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Ford, Give Me Strength: Watching and Reviewing The Conversation

Every girl crazy 'bout a sharp-dressed man.

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Original illustration by Emilie Majarian for The Mary Sue.

Welcome to ‘Ford, Give Me Strength’, a series where we’ll be watching and reviewing Harrison Ford movies in celebration of this fantastic actor, pilot, and human being. Check out last week’s review here.

So we’re back!

On a personal note, I’m really excited to be doing this—and even more thrilled that so many of you are as enthusiastic as I am about this series. I’ve been reviewing the bulk of Ford’s filmography over the past couple of weeks, and I’m realizing that in spite of my ever-evolving love for the man I’ve seen a woefully limited number of his movies—nay, a mere fraction compared to the cinematic excellence that has been so much of his career over the years.

There are some films I’ve seen several times, some I’ve seen only once, and some that I have yet to see—until now.

Take the next installment in this series, for example.

Screen shot 2015-10-02 at 8.30.20 PM

The Conversation (1974)

After the success of American Graffiti, Ford was getting pitched around as an actor to some pretty big names—and with good reason. It’s difficult to deny that he had (and still has, if I’m being honest) that illimitable it factor, that undefinable quality that so many Hollywood stars have been in possession of over the years.

And there was definitely something distinctive about Ford. Whether it was his swagger, his boyish-yet-rugged good looks or his ability to dissolve into a character is anyone’s guess. Maybe it was a combination of all three. Whatever it was, it was beginning to attract the attention of some big names in the industry.

One of those names? Francis Ford Coppola. Coppola, who was riding off the success of The Godfather (which had been released two years prior), decided to give Ford a role in his next two movies, The Conversation and another small indie film you may or may not know called Apocalypse Now. (I kid, I kid.)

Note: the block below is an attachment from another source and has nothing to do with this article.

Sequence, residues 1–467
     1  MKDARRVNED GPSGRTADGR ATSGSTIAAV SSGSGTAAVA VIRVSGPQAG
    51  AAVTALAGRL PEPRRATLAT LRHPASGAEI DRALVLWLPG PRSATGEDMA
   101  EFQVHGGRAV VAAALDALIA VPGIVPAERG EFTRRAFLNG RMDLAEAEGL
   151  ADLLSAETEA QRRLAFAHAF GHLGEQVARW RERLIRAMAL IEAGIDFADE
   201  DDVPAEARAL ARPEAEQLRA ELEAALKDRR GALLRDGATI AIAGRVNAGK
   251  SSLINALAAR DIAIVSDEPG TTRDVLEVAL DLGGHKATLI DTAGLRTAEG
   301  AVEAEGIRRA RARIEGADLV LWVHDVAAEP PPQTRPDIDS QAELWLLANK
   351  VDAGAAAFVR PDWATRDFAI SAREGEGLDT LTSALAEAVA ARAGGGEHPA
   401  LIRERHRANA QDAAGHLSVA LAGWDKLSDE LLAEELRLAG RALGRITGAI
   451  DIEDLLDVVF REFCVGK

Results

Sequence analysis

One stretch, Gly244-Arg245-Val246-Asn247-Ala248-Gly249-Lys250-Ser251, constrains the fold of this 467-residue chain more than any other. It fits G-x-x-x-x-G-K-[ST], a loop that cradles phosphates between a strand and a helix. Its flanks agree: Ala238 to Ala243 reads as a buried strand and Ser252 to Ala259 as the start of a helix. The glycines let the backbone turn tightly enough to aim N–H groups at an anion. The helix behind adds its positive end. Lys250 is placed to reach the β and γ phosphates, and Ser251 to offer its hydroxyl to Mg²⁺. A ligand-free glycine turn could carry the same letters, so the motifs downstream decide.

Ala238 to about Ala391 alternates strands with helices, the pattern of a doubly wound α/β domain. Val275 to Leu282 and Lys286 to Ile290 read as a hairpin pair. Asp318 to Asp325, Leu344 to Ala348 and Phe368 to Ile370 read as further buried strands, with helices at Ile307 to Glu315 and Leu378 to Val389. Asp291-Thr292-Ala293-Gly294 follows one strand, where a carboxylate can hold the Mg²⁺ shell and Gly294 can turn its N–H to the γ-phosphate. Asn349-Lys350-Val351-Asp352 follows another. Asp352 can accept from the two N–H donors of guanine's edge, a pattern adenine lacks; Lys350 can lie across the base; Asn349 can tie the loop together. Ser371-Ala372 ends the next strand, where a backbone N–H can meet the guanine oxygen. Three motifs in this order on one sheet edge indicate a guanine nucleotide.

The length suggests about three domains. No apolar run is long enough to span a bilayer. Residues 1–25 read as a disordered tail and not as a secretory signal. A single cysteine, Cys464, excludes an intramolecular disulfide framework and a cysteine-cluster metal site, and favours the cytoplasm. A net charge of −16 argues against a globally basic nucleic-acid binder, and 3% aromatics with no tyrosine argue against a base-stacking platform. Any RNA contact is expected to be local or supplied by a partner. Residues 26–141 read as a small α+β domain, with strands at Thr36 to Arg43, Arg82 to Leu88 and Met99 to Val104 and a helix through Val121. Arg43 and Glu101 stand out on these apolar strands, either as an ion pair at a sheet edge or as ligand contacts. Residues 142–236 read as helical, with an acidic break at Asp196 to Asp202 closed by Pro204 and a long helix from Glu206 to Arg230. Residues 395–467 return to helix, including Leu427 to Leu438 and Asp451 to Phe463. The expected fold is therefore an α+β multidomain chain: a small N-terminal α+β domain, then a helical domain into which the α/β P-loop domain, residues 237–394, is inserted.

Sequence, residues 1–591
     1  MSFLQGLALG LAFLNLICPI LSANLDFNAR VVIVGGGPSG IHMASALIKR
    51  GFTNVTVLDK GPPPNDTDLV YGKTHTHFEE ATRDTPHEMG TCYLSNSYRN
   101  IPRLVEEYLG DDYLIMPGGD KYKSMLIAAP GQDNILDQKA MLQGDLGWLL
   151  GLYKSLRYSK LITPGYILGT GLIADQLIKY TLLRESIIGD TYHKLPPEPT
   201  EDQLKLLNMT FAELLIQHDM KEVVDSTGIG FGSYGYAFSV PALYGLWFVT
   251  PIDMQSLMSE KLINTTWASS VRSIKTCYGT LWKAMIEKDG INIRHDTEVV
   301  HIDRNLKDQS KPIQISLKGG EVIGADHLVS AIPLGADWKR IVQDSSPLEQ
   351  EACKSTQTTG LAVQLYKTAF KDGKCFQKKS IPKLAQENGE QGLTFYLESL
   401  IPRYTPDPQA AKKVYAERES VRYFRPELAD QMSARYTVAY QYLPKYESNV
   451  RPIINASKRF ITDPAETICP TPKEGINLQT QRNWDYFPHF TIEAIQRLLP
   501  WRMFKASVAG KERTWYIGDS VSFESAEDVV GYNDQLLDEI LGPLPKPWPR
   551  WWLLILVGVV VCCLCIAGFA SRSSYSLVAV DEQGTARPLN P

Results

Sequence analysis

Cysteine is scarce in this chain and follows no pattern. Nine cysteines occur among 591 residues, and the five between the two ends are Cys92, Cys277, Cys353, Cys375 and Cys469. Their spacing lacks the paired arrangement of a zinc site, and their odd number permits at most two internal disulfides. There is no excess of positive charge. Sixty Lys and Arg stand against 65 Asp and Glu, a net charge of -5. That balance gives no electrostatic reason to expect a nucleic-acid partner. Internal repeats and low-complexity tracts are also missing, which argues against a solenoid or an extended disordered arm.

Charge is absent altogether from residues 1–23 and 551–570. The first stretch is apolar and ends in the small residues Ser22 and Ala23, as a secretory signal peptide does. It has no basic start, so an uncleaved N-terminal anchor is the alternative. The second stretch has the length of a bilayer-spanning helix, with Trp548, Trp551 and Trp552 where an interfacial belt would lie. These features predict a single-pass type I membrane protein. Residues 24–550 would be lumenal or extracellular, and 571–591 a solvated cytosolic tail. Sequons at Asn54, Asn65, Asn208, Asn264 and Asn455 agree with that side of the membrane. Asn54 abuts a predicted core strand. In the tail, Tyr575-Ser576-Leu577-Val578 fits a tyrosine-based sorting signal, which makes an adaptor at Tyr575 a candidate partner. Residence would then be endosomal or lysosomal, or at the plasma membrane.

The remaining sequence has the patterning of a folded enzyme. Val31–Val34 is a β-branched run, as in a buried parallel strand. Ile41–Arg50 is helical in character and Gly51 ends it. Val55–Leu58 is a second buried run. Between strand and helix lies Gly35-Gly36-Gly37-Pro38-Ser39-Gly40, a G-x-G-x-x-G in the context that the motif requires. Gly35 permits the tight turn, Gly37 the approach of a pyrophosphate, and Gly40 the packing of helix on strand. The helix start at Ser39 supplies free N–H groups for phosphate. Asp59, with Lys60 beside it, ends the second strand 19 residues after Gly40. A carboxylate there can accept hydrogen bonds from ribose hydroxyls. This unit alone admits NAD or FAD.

Disclaimer alert: The Conversation is another of Ford’s early films that I had not seen before, so I wasn’t entirely sure what to expect. (The good news is that if you’re interested in watching it for yourself, it’s available to stream on Netflix.)

I was surprised to learn that the film was shot in San Francisco; the way that it’s shot allows the story to transcend location. I could just as easily imagine these characters in any major city, like Paris or London. Movies about spying and surveillance don’t necessarily have to rely on location. Their characters are watching each other, and we in turn are watching all of them. (Is that meta?)

There’s also some gratuitous shots of cool surveillance equipment from the 70s—the same equipment, coincidentally, that was used by members of the Nixon administration in the Watergate scandal.

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The great part about The Conversation is that it evokes the same feelings you get when you watch any great spy movie.

There’s build-up and suspense, but those scenes are more frequently punctuated by moments of sadness—the main character, Harry Caul (played by Gene Hackman), spends his time watching other people but can’t stomach the thought of his own privacy being breached.  Spying on others is how he earns livelihood, but when it comes to his own life Harry keeps his secrets close to the vest. He eavesdrops on conversations but doesn’t own a telephone. When the woman he’s seeing (Teri Garr) starts to inquire about basic information like where he lives and what he does for work, he accuses her of asking too many questions. He’s paranoid, insecure, twitchy—and ultimately lonely as a result.